Tuesday, November 1, 2011
Halloween or Harvest Day?
I was passing out candy to trick-or-treaters last night and up to my usual "pranks" -- trying to identify the kids I know under their costumes, complimenting the wee ones on their costumes, withholding treats until they said the "magic words" ("Trick or treat!") instead of "ain't you handing out candy, mister?", and similar nonsense. I always finish by saying "Have a happy Halloween and be safe tonight." One teenager corrected me with a shout of "No, it's Harvest Day!" as he ran off.
Oh, ... really?
Since I'm a Christian, I fully understand the reticence of many Christians to celebrate what they perceive to be a pagan holiday or pagan traditions. I understand and support that idea. Many churches now sponsor harvest festivals on October 31st, and many people throw harvest parties in their homes on that day or the nearest weekend. Wonderful! If you want to take a stand against the unwholesome practices some follow on Halloween, I'm all for it. Just be consistent!
This teenager stood on my porch in jeans and a black hoodie wearing a ghost-face mask from the Scream movies and cheerfully yelled "Trick or treat!" in order to induce me to give him a handful of candy. When did wearing the mask of a fictional mass-murderer and threatening people with tricks if they did not produce treats become a Christian "harvest festival" tradition? I must have nodded off for a moment when that one was announced in church! If you're taking a stand against Halloween, fine. Then don't go trick-or-treating, you hypocrite! Stand on my porch and tell me I shouldn't be handing out candy in support of a "pagan" tradition, if you have the courage, but don't take my candy, run away, and shout back over your shoulder that it's "Harvest Day", you sniveling coward!
And, just what is "Harvest Day", anyway? I visited a number of websites describing October 31 "Harvest Day" or "Harvest Festival" and they all agreed on three core matters: (1) it is an alternative to pagan harvest festivals, (2) it celebrates the end of summer and the final harvest of the year, and (3) it is an opportunity for Christian evangelism. Wait a minute! That's exactly what Halloween is supposed to be!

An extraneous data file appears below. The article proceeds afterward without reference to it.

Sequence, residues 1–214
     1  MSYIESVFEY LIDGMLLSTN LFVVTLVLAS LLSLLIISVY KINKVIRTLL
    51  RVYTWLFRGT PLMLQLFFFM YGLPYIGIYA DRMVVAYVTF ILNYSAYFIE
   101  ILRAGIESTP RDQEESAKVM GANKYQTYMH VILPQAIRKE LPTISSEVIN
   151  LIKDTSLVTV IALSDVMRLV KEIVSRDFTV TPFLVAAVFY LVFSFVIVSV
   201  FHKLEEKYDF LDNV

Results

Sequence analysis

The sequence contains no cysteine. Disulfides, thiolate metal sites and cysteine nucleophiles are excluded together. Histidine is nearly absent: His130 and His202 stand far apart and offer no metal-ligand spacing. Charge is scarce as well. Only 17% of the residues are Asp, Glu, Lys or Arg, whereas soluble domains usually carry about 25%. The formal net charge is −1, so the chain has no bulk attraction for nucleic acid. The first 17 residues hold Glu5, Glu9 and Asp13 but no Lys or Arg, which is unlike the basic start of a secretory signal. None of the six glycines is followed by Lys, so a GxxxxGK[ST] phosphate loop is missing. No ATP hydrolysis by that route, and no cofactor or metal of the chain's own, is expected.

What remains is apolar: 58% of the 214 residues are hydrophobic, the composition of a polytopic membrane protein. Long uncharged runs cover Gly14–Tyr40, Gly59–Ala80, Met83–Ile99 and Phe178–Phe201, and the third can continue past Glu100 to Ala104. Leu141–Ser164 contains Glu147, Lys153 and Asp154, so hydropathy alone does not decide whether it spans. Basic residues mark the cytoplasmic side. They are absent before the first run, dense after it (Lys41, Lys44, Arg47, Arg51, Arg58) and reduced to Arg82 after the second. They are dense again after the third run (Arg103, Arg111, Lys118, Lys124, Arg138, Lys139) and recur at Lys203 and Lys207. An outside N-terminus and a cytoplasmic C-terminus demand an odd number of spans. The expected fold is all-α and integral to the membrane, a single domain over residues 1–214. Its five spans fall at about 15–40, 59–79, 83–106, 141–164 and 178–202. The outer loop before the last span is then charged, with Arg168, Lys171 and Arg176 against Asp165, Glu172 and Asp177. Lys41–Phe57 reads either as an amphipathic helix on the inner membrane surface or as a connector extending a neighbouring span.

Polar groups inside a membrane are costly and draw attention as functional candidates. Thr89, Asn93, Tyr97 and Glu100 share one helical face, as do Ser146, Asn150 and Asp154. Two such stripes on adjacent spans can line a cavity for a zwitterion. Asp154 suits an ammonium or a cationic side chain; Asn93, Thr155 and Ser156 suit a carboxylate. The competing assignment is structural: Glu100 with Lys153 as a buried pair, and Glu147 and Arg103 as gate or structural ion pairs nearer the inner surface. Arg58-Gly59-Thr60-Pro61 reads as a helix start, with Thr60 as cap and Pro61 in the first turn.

For longer than history has been able to record, people around the world have celebrated the end of summer and the collection of the final harvest, as well as the observance of the beginning of the "dead" period of the year when crops cannot be grown. In ancient Rome this was the festival of Pomona. In Celtic lands it was Samhain. In the Holy Land it was Sukkot. As Christianity spread across Europe people blended their new Christian beliefs into these formerly pagan festivals, so that by the end of the 7th century Hallowmas (aka All Saints Day) had become their Christian alternative. The November 1st feast day was established formally in the Catholic church by Pope Gregory III sometime between 731 and 741 AD. Social, cultural, and political shifts throughout the Middle Ages altered the ways in which Hallowmas was observed in different areas over the centuries, and the practice of playing various relatively harmless pranks on All Hallows Eve appears to have become widespread sometime in the 16th century. It is generally thought that this mischief symbolizes the sinful nature of man that dies at midnight on All Hallows Eve and is reborn as a forgiven Christian on All Saints Day.
I wouldn't disagree that the modern practices of Halloween -- the costumes, parties, and trick-or-treating -- have commercialized the holiday and stripped it of much of its religious symbolism and meaning. But the same is true of Easter and Christmas! Should Christians cease celebrating these holidays, as well?
Most major "Christian" holidays were, in effect, superimposed over pagan festivals. Our celebration of Christ's resurrection was superimposed onto Easter -- the pagan rites of spring. Our celebration of the birth of Christ (which more likely occurred in late summer) was superimposed over pagan winter festivals. And All Saints Day and All Hallows Eve were superimposed over pagan harvest festivals. So which is the best approach for Christians to take: to abandon those holidays completely to pagan and secular celebrations, or to celebrate them in a manner that is consistent with our faith -- as we have done for the past 2,000+ years -- as a means of sharing God's love with people in desperate need of it?
I don't claim to know the "right" answer yet. But it seems to me that to celebrate October 31st as just a "harvest day" is no different from celebrating Samhain, which was also just a harvest festival. And if we want to give thanks to God for the harvest, we already have a day for that: it's called Thanksgiving Day. I also think that if we abandon Halloween entirely to its commercial, secular, and pagan revelries and refuse to celebrate its Christian origins and symbolism then along with it we are abandoning its celebrants entirely to commercialism, secularism, and paganism, as well.